The Delhi High Court has refused to quash the sanction given for conducting the Indian Racing League (IRL), which is scheduled to begin from Saturday in Hyderabad and Chennai.

It also said that the central government is aware that the cars, which will be a part of the event, have been imported, and according to the law, it would not be prudent for this Court to render directions to authorities situated outside its territorial jurisdiction.

The IRL is scheduled to be held from November 19 to December 11.

The racing league, which will bring together drivers from across the country and abroad, will begin with the first round at Hyderabad on November 19 and 20. Two of the four rounds will be held at the Madras International Circuit (MIC) near Chennai while the others will be held at the Hyderabad street circuit.

A Bench of Chief Justice Satish Chandra Sharma and Justice Subramonium Prasad upheld an order passed by the single judge of the High Court that observed there was a serious managerial dispute between the appellant, a shareholder and director of Racing Promotions Pvt Ltd (RPPL), and its board, and the instant petition is a smokescreen to settle grievances that the appellant harbours against RPPL.

Senior Advocates Vikas Singh, Mohit Mathur and Jayant Mehta appeared for the Petitioner while Senior Advocates Sandeep Seth and Rajiv Nayar appeared for the Respondents and Advocate Anil Soni, CGSC for the Union. The order, which was passed on Thursday, was made available on the court's website on Friday.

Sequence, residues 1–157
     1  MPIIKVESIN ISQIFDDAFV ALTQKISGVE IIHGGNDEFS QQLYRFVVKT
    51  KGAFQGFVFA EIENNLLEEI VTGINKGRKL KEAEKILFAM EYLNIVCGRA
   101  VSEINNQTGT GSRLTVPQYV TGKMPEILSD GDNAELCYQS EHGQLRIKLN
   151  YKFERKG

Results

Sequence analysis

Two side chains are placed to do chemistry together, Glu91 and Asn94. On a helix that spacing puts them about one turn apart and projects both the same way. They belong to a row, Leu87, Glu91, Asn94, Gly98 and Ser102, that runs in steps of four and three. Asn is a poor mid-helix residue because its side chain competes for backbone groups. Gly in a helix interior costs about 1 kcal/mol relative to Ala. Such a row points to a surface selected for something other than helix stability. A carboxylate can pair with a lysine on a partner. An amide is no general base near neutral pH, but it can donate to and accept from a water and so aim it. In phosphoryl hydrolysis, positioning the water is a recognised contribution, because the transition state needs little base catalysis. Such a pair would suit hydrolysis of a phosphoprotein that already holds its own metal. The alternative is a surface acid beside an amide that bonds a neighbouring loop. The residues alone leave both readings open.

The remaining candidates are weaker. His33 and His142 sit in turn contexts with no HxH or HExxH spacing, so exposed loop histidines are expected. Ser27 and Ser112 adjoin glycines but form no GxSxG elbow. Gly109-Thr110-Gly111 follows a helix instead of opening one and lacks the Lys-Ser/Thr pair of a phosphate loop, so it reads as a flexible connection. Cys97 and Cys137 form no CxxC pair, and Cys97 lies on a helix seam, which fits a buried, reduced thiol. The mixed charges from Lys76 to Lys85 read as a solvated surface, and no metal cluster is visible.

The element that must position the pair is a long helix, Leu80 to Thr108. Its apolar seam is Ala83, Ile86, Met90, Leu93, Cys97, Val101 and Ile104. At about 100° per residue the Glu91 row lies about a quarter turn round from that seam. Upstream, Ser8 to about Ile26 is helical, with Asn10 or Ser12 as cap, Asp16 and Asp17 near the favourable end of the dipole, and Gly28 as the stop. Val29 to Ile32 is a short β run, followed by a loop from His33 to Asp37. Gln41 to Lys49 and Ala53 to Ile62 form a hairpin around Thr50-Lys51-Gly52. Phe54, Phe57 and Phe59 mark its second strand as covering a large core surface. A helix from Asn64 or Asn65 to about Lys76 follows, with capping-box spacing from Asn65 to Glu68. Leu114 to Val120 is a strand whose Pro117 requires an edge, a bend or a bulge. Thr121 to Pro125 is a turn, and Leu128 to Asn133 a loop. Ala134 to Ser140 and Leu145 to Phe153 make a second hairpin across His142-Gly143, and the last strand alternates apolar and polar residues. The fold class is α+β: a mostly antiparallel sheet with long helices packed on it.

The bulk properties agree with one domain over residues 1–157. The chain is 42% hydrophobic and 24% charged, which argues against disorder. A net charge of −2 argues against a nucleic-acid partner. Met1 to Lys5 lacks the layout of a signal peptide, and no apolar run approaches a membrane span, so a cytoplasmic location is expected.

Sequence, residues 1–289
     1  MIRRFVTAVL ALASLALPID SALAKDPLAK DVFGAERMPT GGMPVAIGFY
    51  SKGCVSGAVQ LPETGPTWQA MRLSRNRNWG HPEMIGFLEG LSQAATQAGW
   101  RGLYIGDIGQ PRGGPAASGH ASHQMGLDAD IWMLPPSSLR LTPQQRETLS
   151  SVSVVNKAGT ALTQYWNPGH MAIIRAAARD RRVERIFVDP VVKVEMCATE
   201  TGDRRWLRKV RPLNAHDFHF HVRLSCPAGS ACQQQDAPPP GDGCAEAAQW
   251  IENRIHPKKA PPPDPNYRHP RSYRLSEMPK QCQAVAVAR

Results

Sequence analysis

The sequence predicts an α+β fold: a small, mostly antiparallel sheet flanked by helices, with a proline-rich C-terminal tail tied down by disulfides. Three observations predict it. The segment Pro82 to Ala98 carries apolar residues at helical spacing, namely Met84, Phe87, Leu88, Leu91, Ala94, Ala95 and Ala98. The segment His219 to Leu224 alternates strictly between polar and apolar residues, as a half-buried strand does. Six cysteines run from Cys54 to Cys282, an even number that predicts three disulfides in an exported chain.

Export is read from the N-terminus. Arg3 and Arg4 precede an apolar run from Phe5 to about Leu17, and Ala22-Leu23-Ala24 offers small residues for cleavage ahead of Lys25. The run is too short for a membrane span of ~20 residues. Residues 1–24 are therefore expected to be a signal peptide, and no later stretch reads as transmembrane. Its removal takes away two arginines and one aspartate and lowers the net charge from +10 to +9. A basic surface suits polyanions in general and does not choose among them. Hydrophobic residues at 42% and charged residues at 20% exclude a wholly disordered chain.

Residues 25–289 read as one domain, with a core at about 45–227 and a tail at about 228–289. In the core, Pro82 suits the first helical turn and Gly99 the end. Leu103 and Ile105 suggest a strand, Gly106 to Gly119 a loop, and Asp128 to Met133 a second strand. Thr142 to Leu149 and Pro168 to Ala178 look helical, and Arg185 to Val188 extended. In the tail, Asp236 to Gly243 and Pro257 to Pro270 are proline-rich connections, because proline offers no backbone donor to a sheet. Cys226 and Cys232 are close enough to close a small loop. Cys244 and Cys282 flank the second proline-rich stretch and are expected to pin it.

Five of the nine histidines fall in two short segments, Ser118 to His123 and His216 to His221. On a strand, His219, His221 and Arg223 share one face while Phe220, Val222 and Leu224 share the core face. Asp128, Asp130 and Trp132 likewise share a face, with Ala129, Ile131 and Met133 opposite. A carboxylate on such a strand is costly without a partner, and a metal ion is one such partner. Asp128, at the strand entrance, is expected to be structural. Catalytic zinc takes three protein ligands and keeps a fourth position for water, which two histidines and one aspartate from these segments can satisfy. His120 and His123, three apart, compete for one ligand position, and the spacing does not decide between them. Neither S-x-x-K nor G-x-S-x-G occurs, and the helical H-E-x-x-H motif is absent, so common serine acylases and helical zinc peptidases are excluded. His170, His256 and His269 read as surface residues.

In November 2018, Xtreme 1 Racing League entered into a sanction and commercial rights agreement with the Federation of Motor Sports Club of India (FMSCI) and the RRPL.

It was stated by the appellant, a majority shareholder of RPPL, that he got information about the dates of the IRL through Instagram and was kept in the dark about meetings being convened by the RPPL board.

In the appeal it was alleged that the sanction granted to the IRL is replete with infirmities and is not in consonance with the procedural norms of the FMSCI, and that the same must be quashed.

The central government's standing counsel, Anil Soni, submitted that the Union of India has given a no-objection certificate (NOC) to the event and that the Centre is aware about the cars which have been imported for the race.

The division bench noted that despite the agreement signed on November 10, 2018, the appellant approached the court belatedly and a perusal of the material on record demonstrated that the litigation arises out of friction between the appellant and other management personnel at the RPPL.

"The Union of India has granted NOC for the conduct of the event in question. FMSCI conducts these events in the entire country. Events have been conducted by FMSCI this year as well. The contention of the appellant that FMSCI has given a complete go-by to the safety norms cannot be accepted more so for the reason that the majority of writ petition concentrates on the dispute between the appellant and RPPL," it said.

"Taking this into consideration, this court is of the opinion that no pertinent issue has been raised by appellant that would justify this court's exercise of writ jurisdiction in the instant matter," the Bench said.

Regarding the alleged ignorance of safety norms pertaining to the racing cars participating in the event, the division bench agrees with the direction of the single judge whereby the FMSCI has been requested to examine the representation of the appellant and take appropriate measures to combat the same.

"In our considered opinion, racing being a sport that requires utmost precaution and safety measures on the part of the organisers, we believe FMSCI will ensure that anxieties pertaining to the safety of the conduct of the race are addressed appropriately," it said.

Cause Title: Navjeet Harjinder Gadhoke v. Union of India & Ors. (Neutral Citation: 2022/DHC/004950)

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With PTI inputs